Dozens of psychologists told my parents that imaginary friends were something kids grew out of. I didn't—and what had once been a childhood quirk became something that brought a touch of fear to my mother's eyes when she watched me conversing with someone who, in her perspective, was made of stitched cloth and stuffing.

God knows I loved Hobbes. But I didn't want to be crazy. I took him to the woods and my scrawny, twelve year old self told him to leave me the hell alone—to get away from me and never come back. In response, he reached back a paw and slashed my tear-stained cheek.

Now twenty two, I still had the faint lines on my face, scars reminding me of my version of reality.

If my mom hadn't thought I was insane before, she was sure of it when she found me in front of the mirror, laughing with joy as my face poured blood. As she drove me to the hospital and the doctors bandaged my face, I understood that my wound was real to me, to my mom, to the doctors, and to Hobbes. But the explanation was an unmapped plane, not entirely possible, and yet perfectly imaginable.

It wasn't explainable, but I tried to explain it. I spent most of my teen years conducting experiments to prove that A) Hobbes was imaginary, B) I was totally off my rocker, or (something that I hadn't thought to include at all at first) C) something special was going on and knowing why might not be important just yet.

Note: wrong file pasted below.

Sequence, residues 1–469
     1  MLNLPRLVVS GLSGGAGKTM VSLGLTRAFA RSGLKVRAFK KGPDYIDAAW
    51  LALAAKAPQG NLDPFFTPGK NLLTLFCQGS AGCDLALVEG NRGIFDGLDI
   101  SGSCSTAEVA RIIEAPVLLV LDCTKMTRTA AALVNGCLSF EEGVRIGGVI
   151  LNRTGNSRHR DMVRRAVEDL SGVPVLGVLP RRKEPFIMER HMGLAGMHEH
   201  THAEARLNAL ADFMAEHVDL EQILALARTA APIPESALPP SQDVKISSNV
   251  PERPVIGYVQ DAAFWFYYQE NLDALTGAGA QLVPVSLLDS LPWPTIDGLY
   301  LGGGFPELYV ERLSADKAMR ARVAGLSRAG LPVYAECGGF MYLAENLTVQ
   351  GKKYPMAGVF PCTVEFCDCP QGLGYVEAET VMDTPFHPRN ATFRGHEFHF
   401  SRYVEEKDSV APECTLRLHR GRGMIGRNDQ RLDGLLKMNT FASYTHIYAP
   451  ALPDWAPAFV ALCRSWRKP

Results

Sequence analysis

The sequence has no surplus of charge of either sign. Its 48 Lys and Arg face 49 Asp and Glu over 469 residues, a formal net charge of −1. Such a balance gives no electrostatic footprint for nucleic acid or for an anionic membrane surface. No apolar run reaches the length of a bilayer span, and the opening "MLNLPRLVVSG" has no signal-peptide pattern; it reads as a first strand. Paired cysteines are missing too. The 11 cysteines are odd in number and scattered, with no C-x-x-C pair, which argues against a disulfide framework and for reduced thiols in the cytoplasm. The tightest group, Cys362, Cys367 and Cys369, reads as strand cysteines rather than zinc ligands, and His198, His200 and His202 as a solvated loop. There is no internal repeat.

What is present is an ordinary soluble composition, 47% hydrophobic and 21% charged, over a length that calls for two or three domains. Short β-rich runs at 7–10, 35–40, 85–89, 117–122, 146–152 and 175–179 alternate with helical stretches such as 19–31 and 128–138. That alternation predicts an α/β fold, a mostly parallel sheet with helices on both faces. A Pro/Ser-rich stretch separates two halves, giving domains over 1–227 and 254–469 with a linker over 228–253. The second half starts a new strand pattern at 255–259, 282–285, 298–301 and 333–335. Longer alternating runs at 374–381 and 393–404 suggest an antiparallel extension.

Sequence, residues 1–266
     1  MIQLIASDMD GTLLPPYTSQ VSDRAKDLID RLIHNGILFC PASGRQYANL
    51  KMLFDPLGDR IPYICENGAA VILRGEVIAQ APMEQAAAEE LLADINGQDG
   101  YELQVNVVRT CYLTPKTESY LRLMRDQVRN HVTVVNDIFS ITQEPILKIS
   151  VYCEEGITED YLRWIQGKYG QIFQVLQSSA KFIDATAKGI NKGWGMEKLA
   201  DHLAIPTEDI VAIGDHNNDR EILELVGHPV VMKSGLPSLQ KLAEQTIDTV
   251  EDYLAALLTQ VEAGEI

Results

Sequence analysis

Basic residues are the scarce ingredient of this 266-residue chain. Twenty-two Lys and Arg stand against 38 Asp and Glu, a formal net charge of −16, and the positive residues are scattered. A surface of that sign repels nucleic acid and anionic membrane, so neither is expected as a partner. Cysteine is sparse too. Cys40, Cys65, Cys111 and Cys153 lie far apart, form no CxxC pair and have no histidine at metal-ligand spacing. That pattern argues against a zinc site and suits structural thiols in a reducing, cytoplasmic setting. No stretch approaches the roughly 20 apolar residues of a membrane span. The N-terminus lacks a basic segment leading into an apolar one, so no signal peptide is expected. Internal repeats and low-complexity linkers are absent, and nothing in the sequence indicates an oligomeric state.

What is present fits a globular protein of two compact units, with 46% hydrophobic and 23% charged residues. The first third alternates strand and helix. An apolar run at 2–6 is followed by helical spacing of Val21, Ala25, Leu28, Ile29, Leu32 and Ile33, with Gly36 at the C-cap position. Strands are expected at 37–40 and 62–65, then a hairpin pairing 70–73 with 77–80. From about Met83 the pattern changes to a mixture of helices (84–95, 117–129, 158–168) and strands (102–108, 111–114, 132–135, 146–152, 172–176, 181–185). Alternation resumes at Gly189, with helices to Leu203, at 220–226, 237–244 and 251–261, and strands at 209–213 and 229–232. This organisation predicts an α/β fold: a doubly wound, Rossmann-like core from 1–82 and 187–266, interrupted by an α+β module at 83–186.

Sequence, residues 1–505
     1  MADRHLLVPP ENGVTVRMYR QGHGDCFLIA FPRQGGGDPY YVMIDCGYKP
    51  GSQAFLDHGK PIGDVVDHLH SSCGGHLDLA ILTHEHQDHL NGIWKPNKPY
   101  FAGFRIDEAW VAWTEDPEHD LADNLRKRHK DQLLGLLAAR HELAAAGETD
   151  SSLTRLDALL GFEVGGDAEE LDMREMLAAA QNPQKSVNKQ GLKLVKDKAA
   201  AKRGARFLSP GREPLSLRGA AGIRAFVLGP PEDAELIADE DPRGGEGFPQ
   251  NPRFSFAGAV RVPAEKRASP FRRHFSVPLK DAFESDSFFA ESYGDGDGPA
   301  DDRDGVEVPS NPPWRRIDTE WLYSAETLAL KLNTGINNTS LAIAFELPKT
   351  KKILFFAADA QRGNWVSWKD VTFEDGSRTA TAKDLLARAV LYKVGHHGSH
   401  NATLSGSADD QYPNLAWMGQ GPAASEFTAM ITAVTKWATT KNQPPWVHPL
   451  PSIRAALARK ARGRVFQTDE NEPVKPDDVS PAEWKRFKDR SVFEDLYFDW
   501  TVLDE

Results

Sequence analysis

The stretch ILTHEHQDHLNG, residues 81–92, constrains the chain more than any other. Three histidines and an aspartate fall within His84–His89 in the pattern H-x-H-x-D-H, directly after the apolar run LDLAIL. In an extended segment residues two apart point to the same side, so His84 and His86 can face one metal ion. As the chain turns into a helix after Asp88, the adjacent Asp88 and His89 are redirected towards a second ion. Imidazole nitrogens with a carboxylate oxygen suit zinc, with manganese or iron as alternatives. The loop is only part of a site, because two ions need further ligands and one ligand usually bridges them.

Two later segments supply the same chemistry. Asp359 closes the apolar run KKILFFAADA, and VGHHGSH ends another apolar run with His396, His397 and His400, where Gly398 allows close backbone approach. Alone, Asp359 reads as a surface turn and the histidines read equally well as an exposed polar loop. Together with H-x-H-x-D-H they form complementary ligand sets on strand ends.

All things considered, I thought Hobbes and I had taken life in stride, and I'd turned out to be a semi-functional adult. I was a psychology/philosophy double-major and I planned on doing my masters thesis on imaginary friends.

"Why is Susie Derkins at NYU?" I asked after I swallowed. "It's not the usual place the first woman president gets her degree."

"Are you going to call her?"

"Of course not!" I snapped. "She doesn't even know we're on the same planet anymore, let alone the same campus. Besides, I don't know her phone number anyway. Not that I would call her if I did."

Hobbes shrugged. He muttered something to himself that I couldn't really hear, but I thought I caught the faint melody of K-I-S-S-I-N-G…

Before I could make good use of the throw pillow next to me, I suddenly remembered Chemistry class and jerked my wrist up, blanching as I caught sight of my watch. "Great! I'm late."